To explain why she is so angry, Nora moves her story to five years earlier, where we learn how she becomes friendly with the Shahid family, when eight-year-old Reza, a beautiful, angelic-looking child, joins her third grade class. Reza's mother, Sirena, is a sophisticated Italian installation artist; his father, Skandar, is an academic of Lebanese origin, and they have both come from Paris, with Reza, to America for one year as Skandar has a fellowship at Harvard. When Sirena learns that Nora is a fellow artist, she invites her to share the rent on a large studio where Sirena plans to create a new piece of installation art - a project that could bring her the success she has been working towards. Nora, beguiled by the beautiful and worldly Sirena, becomes totally infatuated, not just with Sirena, but with Skandar and Reza too, spending time at the Shahid home babysitting for Reza and working long hours in the studio alongside Sirena. While Sirena works on a huge piece of installation art, Nora, in contrast, creates miniature replicas of the rooms of female artists and writers, such as: Emily Dickinson, Virginia Woolf, Alice Neel and Edie Sedgwick. And, as the two women spend more of their time together, Nora feels her life to be entirely transformed - but, as we know from the outset of her story, Nora is in for a very nasty shock.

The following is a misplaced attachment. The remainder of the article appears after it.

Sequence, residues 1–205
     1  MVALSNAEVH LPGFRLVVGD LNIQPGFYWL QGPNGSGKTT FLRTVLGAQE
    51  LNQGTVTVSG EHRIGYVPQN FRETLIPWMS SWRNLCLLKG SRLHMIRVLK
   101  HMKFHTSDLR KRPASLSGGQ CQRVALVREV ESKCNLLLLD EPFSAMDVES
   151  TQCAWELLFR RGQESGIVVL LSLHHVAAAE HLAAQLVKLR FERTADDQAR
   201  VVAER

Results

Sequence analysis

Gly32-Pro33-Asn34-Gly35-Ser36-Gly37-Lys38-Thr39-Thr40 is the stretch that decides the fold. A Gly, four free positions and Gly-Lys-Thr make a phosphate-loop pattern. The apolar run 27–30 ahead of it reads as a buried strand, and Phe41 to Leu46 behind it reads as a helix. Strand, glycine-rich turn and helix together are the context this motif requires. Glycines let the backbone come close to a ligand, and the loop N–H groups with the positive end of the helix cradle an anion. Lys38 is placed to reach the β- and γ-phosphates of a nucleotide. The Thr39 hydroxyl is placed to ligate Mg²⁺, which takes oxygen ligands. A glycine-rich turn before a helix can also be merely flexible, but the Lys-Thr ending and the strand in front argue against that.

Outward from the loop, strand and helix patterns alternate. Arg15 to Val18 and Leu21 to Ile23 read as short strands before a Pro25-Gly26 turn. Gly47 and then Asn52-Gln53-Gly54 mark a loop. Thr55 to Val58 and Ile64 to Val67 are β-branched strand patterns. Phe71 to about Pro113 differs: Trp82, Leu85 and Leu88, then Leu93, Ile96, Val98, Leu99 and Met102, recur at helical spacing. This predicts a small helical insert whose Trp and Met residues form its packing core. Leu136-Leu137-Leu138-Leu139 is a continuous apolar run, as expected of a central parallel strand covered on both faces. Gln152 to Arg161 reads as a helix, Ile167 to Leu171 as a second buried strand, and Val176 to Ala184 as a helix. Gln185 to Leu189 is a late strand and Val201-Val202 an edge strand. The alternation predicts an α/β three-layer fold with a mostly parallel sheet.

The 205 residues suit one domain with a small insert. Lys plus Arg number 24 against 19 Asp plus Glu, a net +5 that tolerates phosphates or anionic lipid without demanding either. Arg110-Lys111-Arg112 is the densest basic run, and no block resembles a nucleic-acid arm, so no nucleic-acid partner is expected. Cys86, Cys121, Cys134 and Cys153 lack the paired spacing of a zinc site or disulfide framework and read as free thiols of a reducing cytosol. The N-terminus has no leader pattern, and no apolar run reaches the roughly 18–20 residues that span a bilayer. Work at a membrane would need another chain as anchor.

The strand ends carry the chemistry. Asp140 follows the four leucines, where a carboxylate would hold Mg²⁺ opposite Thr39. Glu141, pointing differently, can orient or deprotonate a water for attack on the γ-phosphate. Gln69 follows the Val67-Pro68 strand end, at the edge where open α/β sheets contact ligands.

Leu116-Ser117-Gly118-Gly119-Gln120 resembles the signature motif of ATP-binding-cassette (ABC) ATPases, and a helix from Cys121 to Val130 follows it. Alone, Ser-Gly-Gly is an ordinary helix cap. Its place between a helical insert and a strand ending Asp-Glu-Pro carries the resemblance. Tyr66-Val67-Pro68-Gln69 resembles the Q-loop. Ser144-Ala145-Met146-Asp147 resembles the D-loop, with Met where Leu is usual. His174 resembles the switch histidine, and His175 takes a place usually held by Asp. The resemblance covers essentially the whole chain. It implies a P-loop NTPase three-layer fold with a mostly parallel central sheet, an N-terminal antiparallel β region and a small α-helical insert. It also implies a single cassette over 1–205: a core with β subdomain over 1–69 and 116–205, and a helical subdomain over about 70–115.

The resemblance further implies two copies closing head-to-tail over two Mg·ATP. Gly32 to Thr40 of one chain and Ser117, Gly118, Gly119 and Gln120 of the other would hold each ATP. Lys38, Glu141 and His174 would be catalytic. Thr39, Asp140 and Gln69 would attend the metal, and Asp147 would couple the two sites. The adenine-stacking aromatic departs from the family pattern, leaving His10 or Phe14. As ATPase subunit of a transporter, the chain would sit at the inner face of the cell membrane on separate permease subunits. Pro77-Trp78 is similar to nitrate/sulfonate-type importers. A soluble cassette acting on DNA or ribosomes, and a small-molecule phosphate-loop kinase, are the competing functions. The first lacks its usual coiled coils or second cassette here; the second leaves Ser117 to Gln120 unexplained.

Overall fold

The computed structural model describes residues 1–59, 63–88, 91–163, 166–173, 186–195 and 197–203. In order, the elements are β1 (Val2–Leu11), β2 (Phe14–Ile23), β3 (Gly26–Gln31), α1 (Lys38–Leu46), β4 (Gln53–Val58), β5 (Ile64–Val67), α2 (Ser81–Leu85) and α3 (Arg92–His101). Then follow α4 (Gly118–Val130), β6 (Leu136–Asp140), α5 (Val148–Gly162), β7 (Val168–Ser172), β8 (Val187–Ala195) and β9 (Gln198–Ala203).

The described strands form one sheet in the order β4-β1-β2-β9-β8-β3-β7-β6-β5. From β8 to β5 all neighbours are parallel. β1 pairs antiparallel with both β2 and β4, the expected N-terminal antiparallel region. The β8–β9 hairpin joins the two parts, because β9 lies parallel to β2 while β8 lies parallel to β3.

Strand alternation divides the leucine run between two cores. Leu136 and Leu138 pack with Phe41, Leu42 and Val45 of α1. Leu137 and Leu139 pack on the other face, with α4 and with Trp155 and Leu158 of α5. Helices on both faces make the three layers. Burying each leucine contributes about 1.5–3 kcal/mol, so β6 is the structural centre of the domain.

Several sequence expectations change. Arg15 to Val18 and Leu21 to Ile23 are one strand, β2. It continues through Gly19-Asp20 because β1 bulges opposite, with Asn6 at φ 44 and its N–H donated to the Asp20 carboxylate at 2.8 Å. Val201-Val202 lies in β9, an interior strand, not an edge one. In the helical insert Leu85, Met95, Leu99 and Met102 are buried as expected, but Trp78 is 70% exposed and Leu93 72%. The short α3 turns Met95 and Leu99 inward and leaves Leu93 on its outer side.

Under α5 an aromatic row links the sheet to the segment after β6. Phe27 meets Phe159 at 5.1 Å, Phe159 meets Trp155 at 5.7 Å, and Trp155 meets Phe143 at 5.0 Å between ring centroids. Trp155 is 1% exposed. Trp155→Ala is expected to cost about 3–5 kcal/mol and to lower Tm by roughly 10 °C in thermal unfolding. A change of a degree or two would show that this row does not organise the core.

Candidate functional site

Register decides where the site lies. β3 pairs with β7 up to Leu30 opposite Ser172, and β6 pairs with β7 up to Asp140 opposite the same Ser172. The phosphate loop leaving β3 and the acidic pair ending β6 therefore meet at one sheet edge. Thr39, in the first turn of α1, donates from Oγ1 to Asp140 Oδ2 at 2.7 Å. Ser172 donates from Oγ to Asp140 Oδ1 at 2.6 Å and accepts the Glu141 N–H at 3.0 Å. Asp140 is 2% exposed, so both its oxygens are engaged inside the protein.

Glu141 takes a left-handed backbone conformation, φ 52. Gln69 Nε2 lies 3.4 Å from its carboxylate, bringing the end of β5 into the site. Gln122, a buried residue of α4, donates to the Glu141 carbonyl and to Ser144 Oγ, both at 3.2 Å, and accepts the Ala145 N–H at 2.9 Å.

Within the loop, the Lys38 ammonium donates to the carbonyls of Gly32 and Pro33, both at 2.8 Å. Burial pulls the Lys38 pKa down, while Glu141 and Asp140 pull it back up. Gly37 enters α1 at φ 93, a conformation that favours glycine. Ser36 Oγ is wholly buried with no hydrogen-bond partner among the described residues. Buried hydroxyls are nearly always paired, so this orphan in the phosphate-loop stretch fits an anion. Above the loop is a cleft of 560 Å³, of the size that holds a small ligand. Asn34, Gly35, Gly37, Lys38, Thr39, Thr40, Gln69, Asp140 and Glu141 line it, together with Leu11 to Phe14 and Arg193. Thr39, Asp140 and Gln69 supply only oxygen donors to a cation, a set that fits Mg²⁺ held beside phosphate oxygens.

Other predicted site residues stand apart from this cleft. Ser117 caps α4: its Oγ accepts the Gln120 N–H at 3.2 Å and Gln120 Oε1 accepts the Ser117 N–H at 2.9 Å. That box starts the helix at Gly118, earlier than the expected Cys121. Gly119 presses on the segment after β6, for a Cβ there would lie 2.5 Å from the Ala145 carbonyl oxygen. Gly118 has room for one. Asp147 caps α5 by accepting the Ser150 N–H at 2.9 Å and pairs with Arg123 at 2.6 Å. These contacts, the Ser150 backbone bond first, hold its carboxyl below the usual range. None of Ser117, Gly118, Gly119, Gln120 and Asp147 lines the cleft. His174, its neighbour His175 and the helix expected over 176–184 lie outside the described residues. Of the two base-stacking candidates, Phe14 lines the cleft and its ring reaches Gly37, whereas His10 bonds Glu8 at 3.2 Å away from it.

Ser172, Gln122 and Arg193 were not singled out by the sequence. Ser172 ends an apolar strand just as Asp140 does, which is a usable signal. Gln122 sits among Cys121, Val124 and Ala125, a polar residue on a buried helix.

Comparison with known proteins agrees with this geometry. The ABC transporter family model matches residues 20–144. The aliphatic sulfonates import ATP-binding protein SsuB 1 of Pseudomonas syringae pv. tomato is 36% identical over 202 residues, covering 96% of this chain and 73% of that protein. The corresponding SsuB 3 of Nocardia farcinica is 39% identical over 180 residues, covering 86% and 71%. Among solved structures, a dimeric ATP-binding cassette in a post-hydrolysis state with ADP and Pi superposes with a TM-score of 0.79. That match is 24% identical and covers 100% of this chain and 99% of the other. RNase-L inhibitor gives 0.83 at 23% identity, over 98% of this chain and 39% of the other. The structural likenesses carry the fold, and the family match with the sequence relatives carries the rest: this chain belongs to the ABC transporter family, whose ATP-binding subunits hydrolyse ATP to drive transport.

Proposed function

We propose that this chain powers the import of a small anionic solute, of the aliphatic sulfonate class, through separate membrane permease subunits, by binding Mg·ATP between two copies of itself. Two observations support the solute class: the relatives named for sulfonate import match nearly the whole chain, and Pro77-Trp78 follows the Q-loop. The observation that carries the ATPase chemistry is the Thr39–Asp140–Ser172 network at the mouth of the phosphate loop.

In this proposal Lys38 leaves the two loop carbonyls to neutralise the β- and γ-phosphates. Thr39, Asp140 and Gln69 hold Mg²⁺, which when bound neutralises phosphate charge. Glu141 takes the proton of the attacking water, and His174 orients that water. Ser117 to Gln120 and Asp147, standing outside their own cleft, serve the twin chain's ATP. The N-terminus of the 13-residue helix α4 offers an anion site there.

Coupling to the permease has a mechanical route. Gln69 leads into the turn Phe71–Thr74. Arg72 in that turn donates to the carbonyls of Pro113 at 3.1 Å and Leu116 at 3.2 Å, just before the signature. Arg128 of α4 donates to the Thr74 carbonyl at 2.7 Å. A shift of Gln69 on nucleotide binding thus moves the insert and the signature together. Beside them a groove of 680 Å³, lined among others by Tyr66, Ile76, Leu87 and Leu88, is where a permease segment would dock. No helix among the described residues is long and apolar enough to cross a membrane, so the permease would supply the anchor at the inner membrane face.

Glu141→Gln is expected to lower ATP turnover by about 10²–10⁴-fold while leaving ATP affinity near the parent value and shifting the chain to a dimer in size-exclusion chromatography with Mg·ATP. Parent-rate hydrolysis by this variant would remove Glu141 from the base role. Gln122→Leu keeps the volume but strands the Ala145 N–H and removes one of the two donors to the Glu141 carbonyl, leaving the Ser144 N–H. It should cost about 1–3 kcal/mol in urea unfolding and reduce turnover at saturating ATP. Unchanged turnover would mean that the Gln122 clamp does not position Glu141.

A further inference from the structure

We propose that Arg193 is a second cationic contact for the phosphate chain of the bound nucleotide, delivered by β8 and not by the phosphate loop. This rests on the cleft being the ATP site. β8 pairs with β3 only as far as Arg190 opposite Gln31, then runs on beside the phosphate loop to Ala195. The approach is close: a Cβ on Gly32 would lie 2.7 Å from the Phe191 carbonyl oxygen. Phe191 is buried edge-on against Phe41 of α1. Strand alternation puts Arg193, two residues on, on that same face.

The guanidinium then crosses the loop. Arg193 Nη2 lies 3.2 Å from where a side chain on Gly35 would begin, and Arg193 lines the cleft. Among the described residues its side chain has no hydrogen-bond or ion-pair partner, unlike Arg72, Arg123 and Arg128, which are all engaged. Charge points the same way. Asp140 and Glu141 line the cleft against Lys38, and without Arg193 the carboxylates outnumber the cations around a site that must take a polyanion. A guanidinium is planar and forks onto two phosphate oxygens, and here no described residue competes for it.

This novel with its first-person narration, pulls the reader right into Nora's life and into her inner thoughts and imaginings. Slightly reminiscent of Zoe Heller's 'Notes on a Scandal' and with some indirect references to Ibsen's 'A Doll's House', I found this an intelligent and well-written novel, with a sense of unease running throughout the story; however, I do have to say that I did not really care for any of the main characters in the story and, although I had some sympathy for Nora, I found myself becoming rather exasperated with her for her gullibility - but I can' t explain further for fear of including spoilers. That said, the quality of Claire Messud's writing is exceptionally good and her narrative, in many parts, was rather gripping to read. Also, I very much enjoyed the author's descriptions of the high ceilinged, light-filled, L-shaped studio rented by Sirena and Nora and I especially enjoyed her descriptions of the pieces of art the two women created. So, all in all, an entertaining, interesting and absorbing, if perhaps not entirely satisfying read; but I should mention that if you like your stories to be peopled with likeable characters who behave well, then this rather unsettling story may not be quite to your taste. Either way, the ending of this tale is likely to make you feel rather uncomfortable and leave you wondering about the possible repercussions for some time after you have turned the last page.
An intense and introspective novel that sometimes makes uncomfortable reading, 'The Woman Upstairs' is a portrait of the life of an early-middle-aged professional single woman in the USA. Nora is a primary school teacher who has spent all of her life being good, and polite, and sensible. With her dreams of being an artist and a mother both buried and becoming less and less likely to be realised, she develops an unhealthy short-lived friendship with a visiting artist and her family.